But there’s more to the worst-case-scenario perspective than knowing it could be worse. You can’t stop there, because then you just live in the Stephen King world of what-ifs, and that, my friends, is a horror story.

Once you acknowledge all that could have been, move on to appreciation. It’s a good train, one where you get to be alive and enjoy some things, even if they’re seemingly small things. Because really, even the big things aren’t that big when time keeps pushing you forward.

So feel what you’re feeling. Struggle some, feel sad, take some time to yourself. Forgive yourself. You’ll still be on the train when you’re ready to come back, and so will we.

Take care.

P.S. Here’s a movie suggestion for times like this: Elizabethtown.

Prepping for Round Two

Well, tomorrow is round two of IVIG infusions. The good news is my insurance approved it this time without a fight. Thankfully the fight wasn’t mine, or it would’ve never happened.

We did have the talk about chemotherapy last week. It’s the next viable option, according to my hematologist, for reaching remission. I have some things to think about if I am refractory to IVIG. We can try it as many times as we like (though I saw the bill for round one, and it wasn’t pretty). Since they are antibodies from other people, the infusion is different each time. Sometimes you get just the right antibody, but sometimes you search forever and find nothing.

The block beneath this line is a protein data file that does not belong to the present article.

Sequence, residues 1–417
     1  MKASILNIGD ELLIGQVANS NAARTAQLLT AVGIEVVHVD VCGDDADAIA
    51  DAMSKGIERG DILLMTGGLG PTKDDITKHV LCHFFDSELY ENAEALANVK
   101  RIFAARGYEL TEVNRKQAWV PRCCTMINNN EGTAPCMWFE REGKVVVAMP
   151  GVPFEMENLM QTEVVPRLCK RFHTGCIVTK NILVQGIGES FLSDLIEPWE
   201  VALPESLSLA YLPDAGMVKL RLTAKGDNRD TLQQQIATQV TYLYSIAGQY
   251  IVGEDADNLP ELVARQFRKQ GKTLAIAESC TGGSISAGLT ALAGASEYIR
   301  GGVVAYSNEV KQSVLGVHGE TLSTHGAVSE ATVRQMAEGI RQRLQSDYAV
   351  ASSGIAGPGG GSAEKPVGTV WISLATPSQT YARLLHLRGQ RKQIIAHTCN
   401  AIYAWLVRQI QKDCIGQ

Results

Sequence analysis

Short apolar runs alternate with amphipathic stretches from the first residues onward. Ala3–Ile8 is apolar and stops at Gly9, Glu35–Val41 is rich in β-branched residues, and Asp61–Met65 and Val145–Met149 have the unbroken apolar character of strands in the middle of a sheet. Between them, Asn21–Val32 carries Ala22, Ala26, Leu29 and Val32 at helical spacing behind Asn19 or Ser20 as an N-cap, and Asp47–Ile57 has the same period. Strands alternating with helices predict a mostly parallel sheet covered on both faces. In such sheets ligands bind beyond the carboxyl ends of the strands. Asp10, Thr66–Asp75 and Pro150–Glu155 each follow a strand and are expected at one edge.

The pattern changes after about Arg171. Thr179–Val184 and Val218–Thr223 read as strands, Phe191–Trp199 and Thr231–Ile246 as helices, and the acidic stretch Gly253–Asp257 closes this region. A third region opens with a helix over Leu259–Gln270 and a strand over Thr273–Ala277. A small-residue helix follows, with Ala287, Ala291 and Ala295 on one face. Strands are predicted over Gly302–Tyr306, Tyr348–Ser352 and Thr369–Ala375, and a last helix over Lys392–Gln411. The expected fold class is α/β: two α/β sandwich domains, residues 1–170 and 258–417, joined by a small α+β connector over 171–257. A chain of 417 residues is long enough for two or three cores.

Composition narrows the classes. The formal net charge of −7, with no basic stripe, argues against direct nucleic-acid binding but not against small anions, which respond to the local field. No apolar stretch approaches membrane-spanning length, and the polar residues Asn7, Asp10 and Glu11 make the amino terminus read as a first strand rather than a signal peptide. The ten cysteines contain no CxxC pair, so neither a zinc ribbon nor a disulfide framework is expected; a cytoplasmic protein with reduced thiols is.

So at what point do I cry uncle? That decision is getting closer. It has been exactly six months today since we first discovered the problem with my blood. And I started treatments two and half months ago. This is a pretty optimistic thought for an ITP patient, but maybe tomorrow’s IVIG will be the solution, and maybe the next six months will be monitoring the beginning of remission.

Maybe it won’t be. The reality is I’m probably looking at a lifetime of this. My doctor doesn’t want that, which is why we’re pursuing remission so aggressively.

I’m also in my third week of the new job. Telling strangers about ITP is one of the most awkward things I’ve ever done. I don’t feel awkward about my story, but people have no idea what to say. No one has heard of ITP. Most people don’t even know what platelets do. And then there’s the catch-all reply: “Oh, I’m sorry. I hope you get better soon.”

I realize it’s hard to know what to say. I’m not sure I know what I’d say to me. It sounds like a terminal diagnosis for my life’s remaining freedoms. It’s not, but it probably is interpreted that way. If I could give you pointers on talking to people with chronic illness, know this:

  • It’s not a virus you can ride out or an infection cured by a good antibiotic. People don’t just get well, but they also aren’t really “sick” in the way most people understand the word. My immune system is confused. The wires are crossed. I have to figure out how to switch it back or live with it.
  • Instead, how about, “Take care of yourself.” Or, “I hope you get more answers.” Or even offer to help. I have plenty of house projects that will never be started simply because they’d go on for days if I tried to do them alone at this energy level. People with chronic illness want to feel normal, so they won’t always ask for help. But small tasks for some are grueling tasks for others. Not me necessarily, but not everyone feels as well as I do.
  • Be interested. Be supportive. Be understanding and patient. But don’t stop being you around your friend. Normalcy is just as good as understanding and support.
  • Let us sleep! No explanation needed here.

Speaking of sleep, it’s time. Thanks to you if you have been reading along this journey. I’ll let you know how round two fares.

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Therapy cattle dog provides cuddles after long days at work.